A coach is not just a teacher But a builder of skill, of character

To the Editor:

Last Friday evening, the Guilderland Lady Dutch basketball team ended its season with a loss to Shaker in an exhilarating a game that wasn’t decided until the last few minutes of play. The real thrill to me, however, is that this was a milestone many did not think could be achieved just a few short years ago.

Our daughters showed pluck and determination and a joint goal to actually beat the number-one seed in the Suburban Council, and believe in themselves enough to almost accomplish something that the Shaker team won’t soon forget. The Blue Bison did indeed survive a scare.

This post-season play was one of the most satisfying seasons that our proud Lady Dutch team has had in many years, and has our daughter already thinking about next year’s goals, even as she feels wistful for this one. It has been a wonderful season for us.

How has this remarkable transformation come about? When substantive change occurs, it is rarely one reason. Timing, the right chemistry on the team, and many other things contribute to a team’s success. I do think, however, that a large reason should be credited to our daughter’s coach, Frank Cacckello.

I have been observing and interacting with Coach since our daughter first participated in a camp he runs through the town parks department when she was 9 years old. Over the years, I have seen him in his many varied roles, adapting with each season to the team that is assembled.

I’ve seen him extend compassion and encouragement to a team who had rarely won a game all year as well as challenge team members to offer all that could to their teammates as they pursued a common goal. Each year, with a new team in place, I have seen how he frames the season so that, if a girl wanted to, she could have the best experience possible, if that were her choice. All while consistently teaching everything about the game he could to his players.

Why does he do this? I believe he cares about each young woman who comes through the program. Over and over again, I have seen him with our daughter and many other young women, unseen by the majority of parents and supporters, offer encouragement and compassion, sharing his belief in their abilities when their hearts are broken from a missed shot, and reminders of how far they have progressed as both a player and s student.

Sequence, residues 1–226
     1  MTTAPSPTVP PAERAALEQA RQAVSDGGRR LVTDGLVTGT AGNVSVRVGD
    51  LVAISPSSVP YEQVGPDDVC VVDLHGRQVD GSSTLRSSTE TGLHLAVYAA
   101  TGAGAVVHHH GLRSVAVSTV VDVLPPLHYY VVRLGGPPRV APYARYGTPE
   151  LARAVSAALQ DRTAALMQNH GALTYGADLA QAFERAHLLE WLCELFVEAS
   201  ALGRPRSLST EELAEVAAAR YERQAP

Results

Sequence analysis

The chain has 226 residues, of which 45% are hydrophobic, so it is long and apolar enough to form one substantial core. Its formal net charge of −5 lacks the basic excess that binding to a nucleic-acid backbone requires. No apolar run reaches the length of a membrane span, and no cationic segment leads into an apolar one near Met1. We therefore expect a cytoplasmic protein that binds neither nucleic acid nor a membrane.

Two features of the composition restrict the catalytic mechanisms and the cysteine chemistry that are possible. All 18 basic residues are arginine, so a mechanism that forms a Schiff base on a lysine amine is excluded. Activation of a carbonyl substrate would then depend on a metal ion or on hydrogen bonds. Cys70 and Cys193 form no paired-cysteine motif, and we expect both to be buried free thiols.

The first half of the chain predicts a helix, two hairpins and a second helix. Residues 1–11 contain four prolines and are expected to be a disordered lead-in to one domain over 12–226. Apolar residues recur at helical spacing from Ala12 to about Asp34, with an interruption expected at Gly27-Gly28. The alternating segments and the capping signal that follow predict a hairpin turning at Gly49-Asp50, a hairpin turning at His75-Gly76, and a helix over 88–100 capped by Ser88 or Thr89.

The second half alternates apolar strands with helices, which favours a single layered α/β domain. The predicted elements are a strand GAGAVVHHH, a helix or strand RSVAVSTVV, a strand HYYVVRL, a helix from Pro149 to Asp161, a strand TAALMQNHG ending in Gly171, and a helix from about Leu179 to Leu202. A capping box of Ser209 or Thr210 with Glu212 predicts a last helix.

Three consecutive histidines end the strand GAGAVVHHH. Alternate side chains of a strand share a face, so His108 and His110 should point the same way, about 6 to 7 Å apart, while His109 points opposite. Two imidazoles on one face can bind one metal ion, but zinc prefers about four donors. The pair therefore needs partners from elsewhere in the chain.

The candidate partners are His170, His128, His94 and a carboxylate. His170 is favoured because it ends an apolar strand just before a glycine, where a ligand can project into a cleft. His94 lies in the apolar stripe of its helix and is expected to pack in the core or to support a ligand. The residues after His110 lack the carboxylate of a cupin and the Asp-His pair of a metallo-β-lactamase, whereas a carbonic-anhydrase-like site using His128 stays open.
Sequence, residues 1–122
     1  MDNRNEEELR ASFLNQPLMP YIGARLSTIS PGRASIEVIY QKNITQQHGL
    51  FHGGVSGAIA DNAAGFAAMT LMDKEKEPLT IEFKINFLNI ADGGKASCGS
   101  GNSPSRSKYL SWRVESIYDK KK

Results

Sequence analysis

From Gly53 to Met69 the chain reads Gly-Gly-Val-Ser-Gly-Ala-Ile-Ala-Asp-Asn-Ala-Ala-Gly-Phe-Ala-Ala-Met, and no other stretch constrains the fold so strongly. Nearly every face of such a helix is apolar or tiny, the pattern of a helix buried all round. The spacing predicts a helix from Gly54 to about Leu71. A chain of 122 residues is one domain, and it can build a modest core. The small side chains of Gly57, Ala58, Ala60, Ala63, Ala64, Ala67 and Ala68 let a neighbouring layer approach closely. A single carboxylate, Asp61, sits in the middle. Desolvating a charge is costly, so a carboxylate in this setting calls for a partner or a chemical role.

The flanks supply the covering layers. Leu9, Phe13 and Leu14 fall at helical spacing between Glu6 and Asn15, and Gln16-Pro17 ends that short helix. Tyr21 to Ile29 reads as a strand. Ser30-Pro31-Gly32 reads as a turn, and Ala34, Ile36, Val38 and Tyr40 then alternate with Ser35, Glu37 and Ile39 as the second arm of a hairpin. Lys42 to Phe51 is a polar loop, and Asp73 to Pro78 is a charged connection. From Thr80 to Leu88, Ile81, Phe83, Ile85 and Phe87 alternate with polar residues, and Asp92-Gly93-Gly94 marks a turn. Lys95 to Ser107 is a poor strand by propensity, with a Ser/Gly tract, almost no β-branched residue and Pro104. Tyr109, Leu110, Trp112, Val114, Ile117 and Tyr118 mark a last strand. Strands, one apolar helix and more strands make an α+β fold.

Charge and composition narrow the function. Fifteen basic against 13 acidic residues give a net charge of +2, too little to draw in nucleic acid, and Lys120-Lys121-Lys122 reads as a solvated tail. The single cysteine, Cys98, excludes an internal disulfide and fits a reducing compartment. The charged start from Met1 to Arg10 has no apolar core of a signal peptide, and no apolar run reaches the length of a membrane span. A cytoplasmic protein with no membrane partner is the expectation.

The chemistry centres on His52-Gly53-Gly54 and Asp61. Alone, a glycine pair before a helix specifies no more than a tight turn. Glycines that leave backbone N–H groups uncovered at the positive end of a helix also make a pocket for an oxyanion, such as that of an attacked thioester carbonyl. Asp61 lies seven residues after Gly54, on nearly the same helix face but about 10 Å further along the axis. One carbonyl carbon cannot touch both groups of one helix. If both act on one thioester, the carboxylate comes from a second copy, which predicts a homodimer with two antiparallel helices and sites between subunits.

A coach is not just a teacher of skills. A couch does something much more than impart information to be recited and recalled on a test. A coach is a builder of character.

He or she is someone that the player can rely on to challenge, turn to when things are not going well, and celebrate with when things turn out perfectly. He or she should inspire a player to grow not just in the discipline of their chosen sport, but also in real life to become their best self, and, in turn, become the proverbial team player.

Coach Cacckello is that man.

I believe that change and growth come from the inside of a person. Generally, it begins when someone who is unhappy with their present circumstances decides to stop playing victim in their own story.

I believe that it is important to take responsibility in the choices you make in every situation and to be as authentic as you can in what you say and do. In that way, Coach leads by example and is therefore able to challenge our daughter to grow and adapt, a skill set that ultimately will serve her well as she goes forward in life.

Coach Cacckello has made a huge contribution to my daughter’s incredible maturation and growth as a leader on a team of girls who know how to work together, in good times and bad. It was, for her, an amazing year that she is sad to see end.

For us, it was that and so much more. He challenged her because he already knew what she was capable of and highlighted within her something in the process that just can’t be replaced: faith in herself.

Fare thee well, Coach. You will be missed

Meg Eckhardt


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